Most vitamin supplements are useless, but there’s more evidence that vitamin D could be the exception – Business Insider


vitamin D tablets
Vitamin
D tablets.


Colin
Dunn/Flickr



When it comes to vitamins and minerals, more is always better,
right?

Not exactly. While it may be enticing to reach for that vitamin-C
packed drink when feeling under the weather, your body can’t
actually process it all
. And a balanced diet typically
carries enough B, C, and E vitamins to keep your body running
smoothly. 

But there is growing evidence that there could be one vitamin
worth getting with the help of supplements: vitamin D.

Though how much of this vitamin the body is actually able to use
is still up
for debate
, it’s difficult to get much vitamin D from food.
Especially if a person is deficient in vitamin D, a supplement
can help get to the recommended daily amount. 

Technically, two different vitamins — D2, which mainly comes from
supplements and food, and D3, which comes from the sun — the
fat-soluble vitamin D works in our bodies to help build up bone
strength. It’s also used by our muscles for movement and by our
immune system to fight infections.

Studies have found that people who consistently took vitamin D
supplements lived longer
, on average, than those who did not
take them. Other studies suggest vitamin D is also helpful in

protecting bone health
.

And now, even more evidence suggests it could help prevent acute
respiratory tract infections, which include things like colds,
the flu and sinus infections. A meta-analysis released
Wednesday
in The BMJ reviewed 25 randomized controlled trials
that looked at whether the risk of contracting one of these
infections decreased among those who took vitamin D supplements.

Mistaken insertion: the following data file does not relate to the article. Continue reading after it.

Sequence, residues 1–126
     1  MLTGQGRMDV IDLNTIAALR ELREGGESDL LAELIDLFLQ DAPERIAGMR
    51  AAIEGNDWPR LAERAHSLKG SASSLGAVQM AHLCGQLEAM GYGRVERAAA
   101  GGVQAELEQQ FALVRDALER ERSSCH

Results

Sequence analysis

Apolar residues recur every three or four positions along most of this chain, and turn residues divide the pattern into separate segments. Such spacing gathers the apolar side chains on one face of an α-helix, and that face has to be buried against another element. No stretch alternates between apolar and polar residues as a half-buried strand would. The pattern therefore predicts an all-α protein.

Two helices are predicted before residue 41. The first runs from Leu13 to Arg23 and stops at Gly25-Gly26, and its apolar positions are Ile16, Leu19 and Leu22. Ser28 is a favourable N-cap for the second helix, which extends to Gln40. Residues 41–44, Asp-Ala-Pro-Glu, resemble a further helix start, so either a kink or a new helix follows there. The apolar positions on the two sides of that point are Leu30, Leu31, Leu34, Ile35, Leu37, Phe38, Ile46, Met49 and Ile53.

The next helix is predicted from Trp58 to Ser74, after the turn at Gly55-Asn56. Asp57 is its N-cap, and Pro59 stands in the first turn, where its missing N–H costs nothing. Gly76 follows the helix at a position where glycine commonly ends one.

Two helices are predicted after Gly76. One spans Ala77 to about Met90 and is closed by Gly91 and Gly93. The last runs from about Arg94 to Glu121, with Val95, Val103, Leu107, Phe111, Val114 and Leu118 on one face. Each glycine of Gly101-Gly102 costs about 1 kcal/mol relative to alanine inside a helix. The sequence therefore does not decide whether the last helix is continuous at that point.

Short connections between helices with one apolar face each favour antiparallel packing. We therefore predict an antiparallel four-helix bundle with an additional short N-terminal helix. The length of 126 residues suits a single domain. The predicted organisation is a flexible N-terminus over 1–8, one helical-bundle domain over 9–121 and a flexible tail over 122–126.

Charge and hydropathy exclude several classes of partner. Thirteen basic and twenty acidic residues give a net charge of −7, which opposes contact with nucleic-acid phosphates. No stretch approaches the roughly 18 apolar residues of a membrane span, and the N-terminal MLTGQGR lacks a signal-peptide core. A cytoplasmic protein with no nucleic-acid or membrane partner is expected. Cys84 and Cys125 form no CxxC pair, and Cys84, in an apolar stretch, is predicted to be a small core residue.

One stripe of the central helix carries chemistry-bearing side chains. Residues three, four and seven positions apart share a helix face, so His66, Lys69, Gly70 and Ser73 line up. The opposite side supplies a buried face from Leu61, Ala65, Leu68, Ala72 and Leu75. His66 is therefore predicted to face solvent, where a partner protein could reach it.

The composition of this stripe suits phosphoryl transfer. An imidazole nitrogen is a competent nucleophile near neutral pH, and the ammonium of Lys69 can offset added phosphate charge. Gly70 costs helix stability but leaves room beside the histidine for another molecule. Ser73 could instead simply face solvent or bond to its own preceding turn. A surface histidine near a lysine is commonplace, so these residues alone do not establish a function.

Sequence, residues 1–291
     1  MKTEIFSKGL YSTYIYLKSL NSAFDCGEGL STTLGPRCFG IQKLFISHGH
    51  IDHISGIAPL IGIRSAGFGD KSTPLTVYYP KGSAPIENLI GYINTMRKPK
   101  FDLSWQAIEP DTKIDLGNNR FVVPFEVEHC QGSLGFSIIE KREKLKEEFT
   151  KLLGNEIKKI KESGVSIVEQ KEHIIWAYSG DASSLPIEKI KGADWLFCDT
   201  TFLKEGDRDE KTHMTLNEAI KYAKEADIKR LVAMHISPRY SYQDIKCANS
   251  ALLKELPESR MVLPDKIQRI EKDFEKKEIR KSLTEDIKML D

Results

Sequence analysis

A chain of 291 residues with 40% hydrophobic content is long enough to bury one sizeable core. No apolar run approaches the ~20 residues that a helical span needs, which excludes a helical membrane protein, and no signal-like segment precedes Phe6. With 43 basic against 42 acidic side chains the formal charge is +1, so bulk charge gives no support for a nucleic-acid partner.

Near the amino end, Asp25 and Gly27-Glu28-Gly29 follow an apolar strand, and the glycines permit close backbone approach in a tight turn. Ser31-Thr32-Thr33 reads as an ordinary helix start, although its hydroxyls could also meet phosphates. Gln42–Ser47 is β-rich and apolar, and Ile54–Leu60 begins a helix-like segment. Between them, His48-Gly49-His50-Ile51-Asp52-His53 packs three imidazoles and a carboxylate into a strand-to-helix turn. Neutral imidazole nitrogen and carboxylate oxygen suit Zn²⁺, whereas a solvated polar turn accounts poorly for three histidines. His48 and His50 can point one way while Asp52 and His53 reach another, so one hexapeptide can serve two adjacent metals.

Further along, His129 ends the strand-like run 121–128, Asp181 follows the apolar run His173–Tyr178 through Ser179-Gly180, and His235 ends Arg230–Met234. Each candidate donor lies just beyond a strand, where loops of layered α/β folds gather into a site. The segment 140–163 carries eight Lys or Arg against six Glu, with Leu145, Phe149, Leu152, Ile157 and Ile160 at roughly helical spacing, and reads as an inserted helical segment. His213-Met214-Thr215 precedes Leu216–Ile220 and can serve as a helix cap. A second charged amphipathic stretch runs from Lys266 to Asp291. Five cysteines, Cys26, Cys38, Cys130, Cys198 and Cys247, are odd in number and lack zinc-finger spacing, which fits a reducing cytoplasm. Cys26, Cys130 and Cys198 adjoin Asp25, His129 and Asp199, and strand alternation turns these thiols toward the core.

It found that for those taking supplements either daily or
weekly, the risk of getting at least one acute respiratory tract
infection was reduced. That was especially the case in people who
were deficient in vitamin D. 

“What we found is that those with the lowest vitamin D levels
experienced the greatest benefit from supplementation,” Dr.
Adrian Martineau, study author and a professor of respiratory
infection and immunity at Queen Mary University of London,

told NPR
. Their risk of infection decreased by half.

How to get more vitamin D


cedar plank salmon
Shutterstock/Olga
Lyubkina


Exposure to the sun helps us produce vitamin D, but it’s also
found in fatty fish like salmon and tuna. There are small amounts
of the vitamin in beef liver, cheese, and egg yolks as
well. 

Since vitamin D is not found in too many foods, it’s often added
to milk, breakfast cereal, and orange juice.

There is a debate about whether supplements are the right choice
for everyone, but it does seem that those who are deficient

could stand to benefit from adding a supplement to their existing
diet

The suggested daily dose of vitamin D for most healthy adults is
600 IU (the measurement tool for fat-soluble vitamins), of which
a serving of milk has about 25% of the daily amount. The
National
Institutes of Health recommends
600 IU per day (or 15
mcg).

Just don’t go too far. Vitamin D overuse — anything above that
4,000 IU/day limit, or almost seven times the recommended daily
amount — has been linked
with
symptoms
like vomiting, constipation, weakness, and weight loss, and it’s
almost always because of overused supplements. Luckily, your body
knows how to regulate how much vitamin D it makes, so you won’t
get too high a dose from sitting in the sun.

Most vitamin supplements are useless, but there’s more evidence that vitamin D could be the exception – Business Insider

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